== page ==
“Any serious review of these monuments will conclude that these are special lands and waters, beloved by millions of Americans for their cultural, recreation, and habitat values,” said Sterling. “Because Obama’s monuments were informed by public meetings and robust stakeholder outreach, any review should similarly involve significant public input.”

In announcing the forthcoming review of national monuments, Secretary Zinke said that he will make a recommendation on the boundaries of the Bears Ears National Monument within 45 days. The outdoor industry came together in 2016 to advocate for the Bears Ears designation.

“The Bears Ears landscape is exactly the kind of place the Antiquities Act intended to protect. It is rich in cultural history, archaeological sites, and recreation opportunities,” said Sterling. “The boundaries closely mirror those proposed in Congressman Rob Bishop’s Public Lands Initiative legislation. We’re confident that any credible review of the Bears Ears designation will confirm the boundaries are more than justified.”

The Conservation Alliance will work closely with our members and our partners in the outdoor industry to engage in this issue, and to demonstrate to political leaders the important role national monuments play in the outdoor recreation economy.

This Land is Our Land March

OUTDOOR RETAILER, OUTDOOR INDUSTRY ASSOCIATION, THE CONSERVATION ALLIANCE AND OUTDOOR ALLIANCE HOST MARCH TO CELEBRATE PUBLIC LANDS

Outdoor Retailer, Outdoor Industry Association, The Conservation Alliance and Outdoor Alliance Host March to Celebrate Public Lands at Outdoor Retailer Summer Market
Thursday, July 27, from 4:30 – 6:30 p.m.

Exhibitors, Retailers and Attendees invited to join
This Land is Our Land March to Utah State Capitol

SAN JUAN CAPISTRANO, Calif. — April 19, 2017 — Outdoor Retailer, Outdoor Industry Association (OIA), The Conservation Alliance and Outdoor Alliance today announced that cooperatively they will host a march to the Utah State Capitol to celebrate public lands on Day Two, Thursday, July 27, at Outdoor Retailer Summer Market. The This Land is Our Land march will provide show attendees with a platform to express their support for the outdoor industry’s backbone and foundation: federal public lands.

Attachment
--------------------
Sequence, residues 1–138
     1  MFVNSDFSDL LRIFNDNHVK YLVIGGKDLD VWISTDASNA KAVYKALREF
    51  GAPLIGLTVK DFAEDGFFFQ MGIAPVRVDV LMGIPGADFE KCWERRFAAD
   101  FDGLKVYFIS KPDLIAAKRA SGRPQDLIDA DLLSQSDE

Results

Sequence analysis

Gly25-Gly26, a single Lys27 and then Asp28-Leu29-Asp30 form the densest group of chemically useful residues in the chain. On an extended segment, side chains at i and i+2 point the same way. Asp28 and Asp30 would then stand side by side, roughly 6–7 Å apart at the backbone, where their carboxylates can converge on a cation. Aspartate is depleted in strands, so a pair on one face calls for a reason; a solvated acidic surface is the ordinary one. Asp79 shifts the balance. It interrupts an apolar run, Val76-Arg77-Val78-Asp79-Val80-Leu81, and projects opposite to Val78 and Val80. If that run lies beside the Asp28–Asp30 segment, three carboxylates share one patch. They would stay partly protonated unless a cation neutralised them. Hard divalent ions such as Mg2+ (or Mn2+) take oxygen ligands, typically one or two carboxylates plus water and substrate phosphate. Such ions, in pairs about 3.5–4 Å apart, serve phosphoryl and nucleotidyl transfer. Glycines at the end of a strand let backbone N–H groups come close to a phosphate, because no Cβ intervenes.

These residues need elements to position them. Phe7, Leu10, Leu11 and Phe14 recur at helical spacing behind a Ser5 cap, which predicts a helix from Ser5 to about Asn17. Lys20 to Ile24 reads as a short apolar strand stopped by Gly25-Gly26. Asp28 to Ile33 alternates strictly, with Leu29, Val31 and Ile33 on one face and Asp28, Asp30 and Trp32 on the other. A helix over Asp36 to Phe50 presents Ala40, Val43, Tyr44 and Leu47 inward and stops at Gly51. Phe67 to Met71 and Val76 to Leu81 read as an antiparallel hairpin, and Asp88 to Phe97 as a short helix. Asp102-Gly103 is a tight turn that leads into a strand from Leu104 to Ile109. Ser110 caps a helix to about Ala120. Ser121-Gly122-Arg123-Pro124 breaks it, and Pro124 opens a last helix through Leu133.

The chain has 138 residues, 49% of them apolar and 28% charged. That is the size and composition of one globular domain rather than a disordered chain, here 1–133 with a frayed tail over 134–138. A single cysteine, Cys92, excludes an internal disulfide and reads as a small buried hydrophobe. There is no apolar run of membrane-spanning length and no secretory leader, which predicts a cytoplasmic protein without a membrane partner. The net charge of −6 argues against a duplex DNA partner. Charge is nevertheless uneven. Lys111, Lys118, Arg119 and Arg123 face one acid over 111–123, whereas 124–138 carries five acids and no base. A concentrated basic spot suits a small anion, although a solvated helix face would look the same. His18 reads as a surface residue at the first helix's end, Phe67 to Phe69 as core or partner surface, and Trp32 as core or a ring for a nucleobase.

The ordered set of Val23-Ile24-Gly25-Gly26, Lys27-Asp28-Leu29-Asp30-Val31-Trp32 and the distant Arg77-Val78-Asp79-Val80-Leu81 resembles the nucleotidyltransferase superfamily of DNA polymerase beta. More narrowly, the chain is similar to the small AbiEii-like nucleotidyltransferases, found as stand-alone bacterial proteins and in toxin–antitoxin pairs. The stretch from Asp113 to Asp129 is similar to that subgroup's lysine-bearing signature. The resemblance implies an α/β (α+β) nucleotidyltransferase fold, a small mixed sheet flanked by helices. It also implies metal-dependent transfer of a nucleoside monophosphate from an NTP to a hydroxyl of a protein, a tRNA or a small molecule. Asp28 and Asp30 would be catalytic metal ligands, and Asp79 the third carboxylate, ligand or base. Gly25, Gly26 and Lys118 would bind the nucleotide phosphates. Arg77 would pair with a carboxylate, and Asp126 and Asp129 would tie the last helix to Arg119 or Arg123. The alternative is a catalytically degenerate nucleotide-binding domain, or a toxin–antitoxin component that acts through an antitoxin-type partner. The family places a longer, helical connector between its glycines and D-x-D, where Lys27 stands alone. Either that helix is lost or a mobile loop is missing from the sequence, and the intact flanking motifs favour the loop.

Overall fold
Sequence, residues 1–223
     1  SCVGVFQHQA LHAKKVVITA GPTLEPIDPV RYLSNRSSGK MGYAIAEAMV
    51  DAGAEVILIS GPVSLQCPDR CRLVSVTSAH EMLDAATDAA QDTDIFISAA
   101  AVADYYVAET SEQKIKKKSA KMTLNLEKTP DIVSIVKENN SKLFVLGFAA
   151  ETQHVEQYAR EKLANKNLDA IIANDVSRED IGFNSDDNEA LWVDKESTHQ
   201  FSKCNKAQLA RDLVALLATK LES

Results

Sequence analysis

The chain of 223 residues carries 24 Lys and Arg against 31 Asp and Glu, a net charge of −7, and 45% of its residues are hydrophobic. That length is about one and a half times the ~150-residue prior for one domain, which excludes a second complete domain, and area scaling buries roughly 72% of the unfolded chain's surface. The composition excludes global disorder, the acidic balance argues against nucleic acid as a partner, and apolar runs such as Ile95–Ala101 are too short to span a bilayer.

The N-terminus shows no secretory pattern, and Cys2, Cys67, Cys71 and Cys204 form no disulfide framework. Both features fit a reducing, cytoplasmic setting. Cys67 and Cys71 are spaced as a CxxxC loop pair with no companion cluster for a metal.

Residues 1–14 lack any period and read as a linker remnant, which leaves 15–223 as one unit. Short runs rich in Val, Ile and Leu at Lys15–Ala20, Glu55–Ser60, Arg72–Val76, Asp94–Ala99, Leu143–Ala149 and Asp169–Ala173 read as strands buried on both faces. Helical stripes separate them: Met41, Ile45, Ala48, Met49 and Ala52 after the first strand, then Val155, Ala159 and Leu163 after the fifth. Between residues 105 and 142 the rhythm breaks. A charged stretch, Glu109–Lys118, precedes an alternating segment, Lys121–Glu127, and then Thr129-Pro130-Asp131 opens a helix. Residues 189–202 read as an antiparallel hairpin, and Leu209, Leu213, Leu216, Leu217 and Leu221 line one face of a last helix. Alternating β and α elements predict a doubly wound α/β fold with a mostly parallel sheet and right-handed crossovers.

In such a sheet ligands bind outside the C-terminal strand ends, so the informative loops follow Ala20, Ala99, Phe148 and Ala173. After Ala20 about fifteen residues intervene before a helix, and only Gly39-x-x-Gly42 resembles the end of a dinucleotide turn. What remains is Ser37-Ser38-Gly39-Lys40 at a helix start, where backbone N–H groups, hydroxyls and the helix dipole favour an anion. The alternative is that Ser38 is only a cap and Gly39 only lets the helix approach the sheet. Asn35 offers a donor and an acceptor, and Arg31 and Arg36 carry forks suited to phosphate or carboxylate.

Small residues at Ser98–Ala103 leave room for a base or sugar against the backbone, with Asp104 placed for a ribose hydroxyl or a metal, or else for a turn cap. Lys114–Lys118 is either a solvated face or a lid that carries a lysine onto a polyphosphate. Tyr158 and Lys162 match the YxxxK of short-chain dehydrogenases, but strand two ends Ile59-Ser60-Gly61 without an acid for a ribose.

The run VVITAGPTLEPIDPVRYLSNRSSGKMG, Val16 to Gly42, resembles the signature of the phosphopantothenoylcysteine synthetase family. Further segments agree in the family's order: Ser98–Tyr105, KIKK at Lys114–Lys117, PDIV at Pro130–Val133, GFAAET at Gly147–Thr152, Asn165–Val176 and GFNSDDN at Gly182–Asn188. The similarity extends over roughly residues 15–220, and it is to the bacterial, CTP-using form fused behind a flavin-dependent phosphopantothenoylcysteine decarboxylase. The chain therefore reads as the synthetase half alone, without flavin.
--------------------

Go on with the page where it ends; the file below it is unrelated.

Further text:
“The This Land is Our Land march at summer Outdoor Retailer spotlights that public lands across America are truly the foundation of the outdoor industry, providing incredible landscapes and waterways for people to come together and experience the awe of the outdoors,” said Amy Roberts, OIA executive director.  “We aim to communicate that America’s national treasures require investment and effective management today and for generations to come—and they must remain accessible for all Americans.”

The march will convene in the South Plaza of the Salt Palace Convention Center at 4:30 p.m. and will proceed along a designated route to the Utah State Capitol. Confirmed route information will be available soon. The walk to the Capitol is expected to take approximately 30-45 minutes. At the Capitol, industry leaders and experts will hold a 45-minute rally to raise issues that spark further public lands discussion and action. Speakers include Utah tribal leaders, outdoor industry leaders, athletes and policy makers. All show attendees as well as interested citizens are welcome to attend. All march participants are asked to abide by the established Code of Conduct.